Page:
Hirshhorn Announces Programs for “Yayoi Kusama: Infinity Mirrors”

“Kusama on Screen” Film Series Includes Rare Documentary Footage, 1960s Art Films
February 7, 2017
News Release
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Woman lying on floor of mirrored room

The Hirshhorn Museum and Sculpture Garden will present the “Kusama on Screen” film series, talks and family events in conjunction with the major exhibition “Yayoi Kusama: Infinity Mirrors” (Feb. 23–May 14). From rarely seen footage of Kusama’s early 1960s “happenings” to a full-length documentary of her life today, these programs introduce visitors to Kusama’s 65-year career as an artist and icon.

The Hirshhorn’s diverse range of year-round, free public programs invite today’s leading innovators in art, design, music and technology to explore ideas that shape 21st-century culture. All are held in the museum’s Ring Auditorium unless otherwise noted. Seating is limited and available on a first-come, first-served basis.

Film Series: Kusama on Screen

Join the museum for a cinematic exploration into the life and legacy of Kusama. Using experimental cinema, recordings of her New York happenings and documentary footage of her current life in Japan, this series looks at Kusama’s multifaceted career through her life and connection to performance and film.  

Performance and the Body: Yayoi Kusama
Feb. 26 at 3 p.m.
Well respected for her provocative performances and public “happenings” in New York in the late 1960s, Kusama has often used her body and image as a key element in her work on and off camera. This series of experimental films illustrate the politically charged nature of her happenings and insights into her world view.

Watashi Daisuki (I Adore Myself) (2008)
Sunday, March 26; 3 p.m.
I Adore Myself follows the wildly charismatic Kusama during an 18-month period as she obsessively works on “Love Forever,” a series of 50 large drawings for a 2008 gallery opening in New York City. This film is presented in partnership with the Smithsonian’s Freer Gallery of Art and Arthur M. Sackler Gallery.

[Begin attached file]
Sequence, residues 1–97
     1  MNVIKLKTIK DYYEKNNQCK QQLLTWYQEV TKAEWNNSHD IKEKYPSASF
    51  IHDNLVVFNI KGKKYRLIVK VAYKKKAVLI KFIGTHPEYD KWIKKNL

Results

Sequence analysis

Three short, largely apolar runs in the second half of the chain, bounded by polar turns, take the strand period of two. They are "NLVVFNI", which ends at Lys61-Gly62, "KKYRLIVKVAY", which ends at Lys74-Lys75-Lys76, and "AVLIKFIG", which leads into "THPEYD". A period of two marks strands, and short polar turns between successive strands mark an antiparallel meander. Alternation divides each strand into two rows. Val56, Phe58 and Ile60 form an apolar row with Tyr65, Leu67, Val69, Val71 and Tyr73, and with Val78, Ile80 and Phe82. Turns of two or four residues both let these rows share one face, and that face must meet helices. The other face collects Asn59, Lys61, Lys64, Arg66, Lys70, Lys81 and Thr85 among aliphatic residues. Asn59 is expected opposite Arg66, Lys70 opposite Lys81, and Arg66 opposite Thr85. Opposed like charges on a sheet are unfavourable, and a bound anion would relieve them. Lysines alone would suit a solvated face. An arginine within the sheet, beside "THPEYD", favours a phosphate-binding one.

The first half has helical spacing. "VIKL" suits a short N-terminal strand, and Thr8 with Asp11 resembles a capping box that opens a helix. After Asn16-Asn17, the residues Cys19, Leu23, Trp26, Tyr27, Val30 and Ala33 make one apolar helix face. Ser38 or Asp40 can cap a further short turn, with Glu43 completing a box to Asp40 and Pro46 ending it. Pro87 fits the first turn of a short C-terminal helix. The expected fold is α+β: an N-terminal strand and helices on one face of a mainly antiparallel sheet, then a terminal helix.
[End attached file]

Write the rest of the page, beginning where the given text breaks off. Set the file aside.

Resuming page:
Expanded Cinema and the Black Gate Theater
Sunday, April 9; 3 p.m.
Taking a unique look into the experimental Black Gate Theater, where Kusama performed and staged happenings in New York City in the 1960s, this program will include screenings of Aldo Tambellini’s Black Zero and Otto Piene’s The Proliferation of the Sun, as well as never before shown documentary footage.

In Conversation: Kusama’s Path to Infinity

Thursday, March 9; 6:30 p.m.
For more than 60 years, Kusama has built a robust career out of her self-interest and obsessions. Her work has enjoyed a recent resurgence of interest through social media captures of her photogenic and captivating Infinity Mirror Rooms. Scholars and catalog contributors Midori Yamamura, Miwako Tezuka and Gloria Sutton come together to discuss the history and lasting legacy of the artist and her extensive practice.

Friday Gallery Talk: Mika Yoshitake on Yayoi Kusama’s “Pumpkin”

Friday, April 14; 12:30 p.m.
Meet at the Information Desk
Curator of the exhibition Mika Yoshitake discusses Kusama’s obsession with polka dots and pumpkins for a special gallery talk on the Hirshhorn Plaza.

Family Day: From a Moment to Infinity

Saturday, April 30; 10 a.m.–2 p.m. museum-wide
The Hirshhorn and Smithsonian Gardens team up for a day of family friendly activities inspired by “Orchids: A Moment and Yayoi Kusama: Infinity Mirrors.”

Three events will be featured as part of the National Cherry Blossom Festival (March 17–April 20): two screenings in the “Kusama on Screen” series—Watashi Daisuki (I Adore Myself) Sunday, March 26, and Expanded Cinema and the Black Gate Theater Sunday, April 9—and a gallery talk led by curator Mika Yoshitake Friday, April 14.

About the Hirshhorn

The Hirshhorn Museum and Sculpture Garden is the national museum of modern and contemporary art and a leading voice for 21st-century art and culture. Part of the Smithsonian, the Hirshhorn is located prominently on the National Mall in Washington, D.C. With nearly 12,000 paintings, sculptures, photographs, mixed-media installations, works on paper and new media works, its holdings encompass one of the most important collections of postwar American and European art in the world. The Hirshhorn presents diverse exhibitions and offers an array of public programs on the art of our time—free to all, 364 days a year. For more information, visit hirshhorn.si.edu.

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